Santofimia: “We must develop new technologies that tolerate higher element uncertainty. The first step is understanding the precise effect of these uncontrolled elements from scrap on the microstructure formation. Once we know that, we can develop new processing routes in which this understanding is considered so we can aim for these elements to be beneficial instead of detrimental.”
Studying microstructures of materials is a topic that has developed relatively recently, compared to 3000 years of steel use. “We have only been at it for a few decades and have already achieved a lot in microstructure control. For instance, we have built up an understanding of the first stage of the formation of crystals, the nucleation stage, in which some tens of atoms “decide” to re-arrange into a new crystal structure. Approximately 75 percent of the steels in use today did not exist twenty years ago. I’m very excited when I think about what we can achieve in the future”, Santofimia says.
“Also, the possibilities that models simulations on fast computers offer us are a huge help,” Sietsma adds to his colleague. “Predictions of microstructure formation based on physics-based models require very extensive calculations.”
In this regard, M2i initiated the DEPMAT project (Data Enhanced Physical Models), which is led by the University Twente and includes Tata Steel, TU Delft and SKF. The aim is to conduct research into modelling microstructure responses to those new manufacturing processes.
Understanding microstructures is a crucial component of greener steel production. A topic that is now a priority in the industry, Sietsma observes. “Previously, questions from industry were mainly related to scarcity, price, and political sensitivity. If a company could no longer import nickel for geopolitical reasons, it would ask us if it could replace nickel with another element. Now questions from industry are mostly about more sustainable production.”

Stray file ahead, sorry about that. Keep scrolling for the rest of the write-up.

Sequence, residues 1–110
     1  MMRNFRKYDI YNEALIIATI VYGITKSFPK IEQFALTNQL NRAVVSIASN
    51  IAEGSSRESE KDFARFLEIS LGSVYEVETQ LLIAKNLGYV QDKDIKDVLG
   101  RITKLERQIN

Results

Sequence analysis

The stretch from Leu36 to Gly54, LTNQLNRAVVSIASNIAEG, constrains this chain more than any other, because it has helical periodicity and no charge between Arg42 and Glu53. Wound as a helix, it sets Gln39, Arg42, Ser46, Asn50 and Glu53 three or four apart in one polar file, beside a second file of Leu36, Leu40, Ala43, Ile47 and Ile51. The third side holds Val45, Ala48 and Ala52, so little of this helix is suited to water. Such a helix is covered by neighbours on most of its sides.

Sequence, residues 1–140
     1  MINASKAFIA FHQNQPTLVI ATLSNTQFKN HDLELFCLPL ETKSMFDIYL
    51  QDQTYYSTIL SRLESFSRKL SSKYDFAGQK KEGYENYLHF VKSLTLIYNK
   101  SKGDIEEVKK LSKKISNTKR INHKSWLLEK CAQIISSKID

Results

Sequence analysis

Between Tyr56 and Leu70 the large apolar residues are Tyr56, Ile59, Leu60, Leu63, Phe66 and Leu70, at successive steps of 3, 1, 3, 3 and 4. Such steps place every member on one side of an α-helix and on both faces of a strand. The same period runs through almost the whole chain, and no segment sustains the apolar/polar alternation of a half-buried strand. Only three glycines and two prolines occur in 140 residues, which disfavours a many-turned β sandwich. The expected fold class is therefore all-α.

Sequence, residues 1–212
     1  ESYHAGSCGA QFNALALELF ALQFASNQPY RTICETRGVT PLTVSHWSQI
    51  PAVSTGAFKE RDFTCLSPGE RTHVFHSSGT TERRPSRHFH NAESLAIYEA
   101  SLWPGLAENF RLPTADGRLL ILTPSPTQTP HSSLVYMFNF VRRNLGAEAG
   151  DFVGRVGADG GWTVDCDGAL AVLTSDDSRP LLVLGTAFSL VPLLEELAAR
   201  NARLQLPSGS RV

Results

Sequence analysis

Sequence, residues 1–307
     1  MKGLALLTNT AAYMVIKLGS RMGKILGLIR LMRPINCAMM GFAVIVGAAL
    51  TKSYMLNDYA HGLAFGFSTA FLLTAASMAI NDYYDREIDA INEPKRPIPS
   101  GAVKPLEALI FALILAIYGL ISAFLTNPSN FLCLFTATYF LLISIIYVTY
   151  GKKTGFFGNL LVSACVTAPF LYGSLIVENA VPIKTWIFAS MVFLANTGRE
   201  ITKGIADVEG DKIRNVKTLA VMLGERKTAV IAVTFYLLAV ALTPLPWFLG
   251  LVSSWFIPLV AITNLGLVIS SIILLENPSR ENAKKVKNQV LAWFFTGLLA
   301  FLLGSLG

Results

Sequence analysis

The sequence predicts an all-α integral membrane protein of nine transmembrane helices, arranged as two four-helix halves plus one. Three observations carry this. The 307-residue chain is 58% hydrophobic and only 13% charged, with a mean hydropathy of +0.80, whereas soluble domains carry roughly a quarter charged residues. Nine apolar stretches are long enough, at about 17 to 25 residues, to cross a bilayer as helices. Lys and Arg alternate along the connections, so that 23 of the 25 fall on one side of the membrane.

Sietsma should know; the professor has been with the Department of Materials Science and Engineering since 1987. He was recently appointed Knight of the Order of the Dutch Lion in recognition of his contribution to science, industry, and society, emphasizing the societal importance of steel research.
Vegter sees this awareness as the most important step the industry has made in recent years. “Steel companies realize much better than many people know that they must become more sustainable. There is a behind-the-scenes look at how they should go about it on all fronts. An example is Tata Steel’s transition to replace one of its blast furnaces with a DRI (Direct Reduced Iron) process by 2030. This will eliminate the use of polluting coal.”
“Previously, questions from industry were mainly related to scarcity, price, and political sensitivity. If a company could no longer import nickel for geopolitical reasons, it would ask us if it could replace nickel with another element. Now questions from industry are mostly about more sustainable production.”Jilt Sietsma
During his career, Sietsma saw that sustainability gradually took on an increasing role. “25 years ago, it was mainly about making production as cheap as possible. Back then, my research field was also looked at much more sceptically. Now technology is recognised as the key to a more sustainable world. You can also see that in our student numbers. Where we used to have an average of fifteen Materials Science students per year, there are now about sixty. Almost all of them choose the study to contribute to a world with more sustainable production, use and re-use of materials.”
Cover photo: perlite microstructure. Image: Natalia Luzginova, published in N.V. Luzginova, L. Zhao, & J. Sietsma, The Cementite Spheroidization Process in High-Carbon Steels with Different Chromium Contents, Metallurgical and Materials Transactions A 93 (2008) 513-521.